Mr Gillespie 4:03 am 08 May 11

Defence lawyers seem to get unlimited funding from the ACT taxpayer by way of Legal Aid. They are paid to find whatever loophole there is in the case (in this example, alleged medical misadventure because hospital staff couldn’t clearly answer questions like when Booshand was really dead) so the defendant can avoid taking responsibility for her actions, most likely went beyond self-defence and were reckless as to whether they would cause the death of the deceased weren’t they?

PJCanberra 6:08 pm 07 May 11

My god, if you stab someone and kill them it’s MURDER!!
She should go to jail. What is it with appeals and people getting off all the time in Canberra??

Rawhide Kid Part3 5:19 pm 07 May 11

p1 said :

If the judge hearing the appeal agrees that the jury were not told some important point, and they just call the jury back in, tell them the very important instruction they missed, and ask if it changes the verdict?

I don’t think you can once the Jury have been released from their duty.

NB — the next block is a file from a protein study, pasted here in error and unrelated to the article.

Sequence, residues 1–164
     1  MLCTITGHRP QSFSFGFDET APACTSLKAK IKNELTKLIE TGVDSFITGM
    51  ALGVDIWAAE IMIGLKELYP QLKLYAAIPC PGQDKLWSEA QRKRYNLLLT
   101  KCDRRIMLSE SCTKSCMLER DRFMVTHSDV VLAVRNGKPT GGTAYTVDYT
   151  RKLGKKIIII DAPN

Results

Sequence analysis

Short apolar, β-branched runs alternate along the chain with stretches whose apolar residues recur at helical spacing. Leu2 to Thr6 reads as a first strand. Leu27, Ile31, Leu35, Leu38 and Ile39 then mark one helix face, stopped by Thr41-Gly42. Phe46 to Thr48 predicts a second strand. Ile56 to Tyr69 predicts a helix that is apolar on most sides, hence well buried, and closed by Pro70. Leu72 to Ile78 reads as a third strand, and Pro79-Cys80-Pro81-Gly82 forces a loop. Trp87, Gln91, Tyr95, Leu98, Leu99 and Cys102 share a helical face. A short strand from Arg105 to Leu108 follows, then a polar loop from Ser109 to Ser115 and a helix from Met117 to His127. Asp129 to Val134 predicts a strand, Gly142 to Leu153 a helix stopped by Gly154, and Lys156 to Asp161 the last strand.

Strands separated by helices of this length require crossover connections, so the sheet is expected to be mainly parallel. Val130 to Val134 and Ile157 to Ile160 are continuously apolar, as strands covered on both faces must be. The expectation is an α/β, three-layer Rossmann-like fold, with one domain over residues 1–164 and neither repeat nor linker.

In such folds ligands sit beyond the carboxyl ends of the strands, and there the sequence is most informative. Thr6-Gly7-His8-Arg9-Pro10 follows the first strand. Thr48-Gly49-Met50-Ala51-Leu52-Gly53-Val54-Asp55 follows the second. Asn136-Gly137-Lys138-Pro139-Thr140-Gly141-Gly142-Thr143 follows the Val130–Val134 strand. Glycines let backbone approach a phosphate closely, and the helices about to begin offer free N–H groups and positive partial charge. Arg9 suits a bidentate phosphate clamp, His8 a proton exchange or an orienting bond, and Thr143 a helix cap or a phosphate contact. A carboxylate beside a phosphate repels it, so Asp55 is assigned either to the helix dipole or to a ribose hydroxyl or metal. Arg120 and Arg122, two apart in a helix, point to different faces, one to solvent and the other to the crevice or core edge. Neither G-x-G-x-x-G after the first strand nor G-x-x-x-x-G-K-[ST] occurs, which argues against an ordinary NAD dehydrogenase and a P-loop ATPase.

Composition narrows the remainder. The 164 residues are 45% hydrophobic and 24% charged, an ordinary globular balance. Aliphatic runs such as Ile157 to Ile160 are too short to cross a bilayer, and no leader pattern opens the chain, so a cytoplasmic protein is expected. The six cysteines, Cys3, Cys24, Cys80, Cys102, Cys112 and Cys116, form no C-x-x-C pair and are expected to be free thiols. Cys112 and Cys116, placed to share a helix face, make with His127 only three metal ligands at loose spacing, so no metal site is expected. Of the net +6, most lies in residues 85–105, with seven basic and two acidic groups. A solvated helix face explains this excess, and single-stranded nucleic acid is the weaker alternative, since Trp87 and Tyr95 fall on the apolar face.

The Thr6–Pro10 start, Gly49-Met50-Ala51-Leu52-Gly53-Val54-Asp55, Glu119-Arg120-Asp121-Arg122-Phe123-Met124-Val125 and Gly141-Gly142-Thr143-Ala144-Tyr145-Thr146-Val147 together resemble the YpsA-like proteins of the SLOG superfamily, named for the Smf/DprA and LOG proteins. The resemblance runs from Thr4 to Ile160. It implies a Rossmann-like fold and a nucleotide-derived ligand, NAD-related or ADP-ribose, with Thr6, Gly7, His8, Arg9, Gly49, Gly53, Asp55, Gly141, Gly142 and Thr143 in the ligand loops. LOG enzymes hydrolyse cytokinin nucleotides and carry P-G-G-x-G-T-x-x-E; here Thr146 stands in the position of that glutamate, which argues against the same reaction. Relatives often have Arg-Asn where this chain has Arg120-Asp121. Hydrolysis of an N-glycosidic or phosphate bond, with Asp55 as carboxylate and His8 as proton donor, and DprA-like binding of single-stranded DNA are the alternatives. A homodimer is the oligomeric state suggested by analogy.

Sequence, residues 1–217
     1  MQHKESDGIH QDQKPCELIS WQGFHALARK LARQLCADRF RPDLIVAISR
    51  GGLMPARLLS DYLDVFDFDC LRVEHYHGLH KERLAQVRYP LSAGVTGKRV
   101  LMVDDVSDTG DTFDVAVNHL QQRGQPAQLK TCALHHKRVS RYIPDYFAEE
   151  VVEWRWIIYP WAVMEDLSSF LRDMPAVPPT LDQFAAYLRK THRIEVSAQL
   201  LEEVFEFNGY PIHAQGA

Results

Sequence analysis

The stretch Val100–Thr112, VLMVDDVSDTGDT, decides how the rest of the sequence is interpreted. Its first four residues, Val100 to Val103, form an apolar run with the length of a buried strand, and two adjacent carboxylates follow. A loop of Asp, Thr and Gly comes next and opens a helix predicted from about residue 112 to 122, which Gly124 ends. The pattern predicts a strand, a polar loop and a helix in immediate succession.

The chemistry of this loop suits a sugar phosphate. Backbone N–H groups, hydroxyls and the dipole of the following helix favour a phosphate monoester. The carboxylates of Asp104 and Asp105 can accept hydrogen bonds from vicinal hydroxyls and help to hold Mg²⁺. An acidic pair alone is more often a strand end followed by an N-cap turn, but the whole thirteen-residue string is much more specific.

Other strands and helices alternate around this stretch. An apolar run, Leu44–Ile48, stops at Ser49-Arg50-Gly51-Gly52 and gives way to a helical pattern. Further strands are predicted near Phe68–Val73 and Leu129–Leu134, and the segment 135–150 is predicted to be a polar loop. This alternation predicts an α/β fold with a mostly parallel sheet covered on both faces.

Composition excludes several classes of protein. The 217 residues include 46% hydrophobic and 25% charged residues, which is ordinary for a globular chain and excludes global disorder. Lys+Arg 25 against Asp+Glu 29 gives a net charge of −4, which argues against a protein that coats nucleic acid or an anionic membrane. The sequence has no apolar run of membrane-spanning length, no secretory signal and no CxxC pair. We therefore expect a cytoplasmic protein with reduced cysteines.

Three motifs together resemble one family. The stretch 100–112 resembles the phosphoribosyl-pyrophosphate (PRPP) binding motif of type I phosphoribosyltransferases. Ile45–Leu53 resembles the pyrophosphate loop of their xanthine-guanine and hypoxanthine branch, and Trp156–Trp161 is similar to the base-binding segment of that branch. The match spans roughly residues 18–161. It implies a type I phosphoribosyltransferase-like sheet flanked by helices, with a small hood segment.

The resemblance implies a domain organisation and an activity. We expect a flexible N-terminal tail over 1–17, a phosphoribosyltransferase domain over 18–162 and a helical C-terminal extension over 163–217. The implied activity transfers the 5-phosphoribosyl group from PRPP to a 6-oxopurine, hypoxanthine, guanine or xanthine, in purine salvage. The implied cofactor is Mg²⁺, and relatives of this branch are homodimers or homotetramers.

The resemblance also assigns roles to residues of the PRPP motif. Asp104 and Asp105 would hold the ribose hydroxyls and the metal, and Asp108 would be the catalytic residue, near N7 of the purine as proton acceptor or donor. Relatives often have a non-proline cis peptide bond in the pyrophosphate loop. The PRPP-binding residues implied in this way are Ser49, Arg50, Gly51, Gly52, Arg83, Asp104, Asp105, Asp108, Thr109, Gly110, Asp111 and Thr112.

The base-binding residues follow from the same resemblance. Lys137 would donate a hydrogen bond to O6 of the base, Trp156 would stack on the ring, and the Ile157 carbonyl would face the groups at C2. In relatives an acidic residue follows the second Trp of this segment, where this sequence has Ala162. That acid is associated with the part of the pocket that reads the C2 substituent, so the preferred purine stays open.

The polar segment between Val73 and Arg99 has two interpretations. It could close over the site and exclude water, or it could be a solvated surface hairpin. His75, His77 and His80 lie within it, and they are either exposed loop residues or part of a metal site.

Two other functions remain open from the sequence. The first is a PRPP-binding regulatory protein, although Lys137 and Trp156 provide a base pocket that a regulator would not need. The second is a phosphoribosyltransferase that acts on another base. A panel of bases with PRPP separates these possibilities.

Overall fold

p1 1:55 pm 07 May 11

If the judge hearing the appeal agrees that the jury were not told some important point, and they just call the jury back in, tell them the very important instruction they missed, and ask if it changes the verdict?

Lookout Smithers 11:40 am 07 May 11

Criminal defence lawyers often do work in kind for clients who have no means to afford a defence at all let alone a good one. With the money lawyers can earn, the quality of life compared with those they defend make it an easy decision really. Its compassionate. But the other reason I think might be the severity of the charge and what it means for the lawyer should they win the case. The outcome of a charge like that is life changing for client and counsel.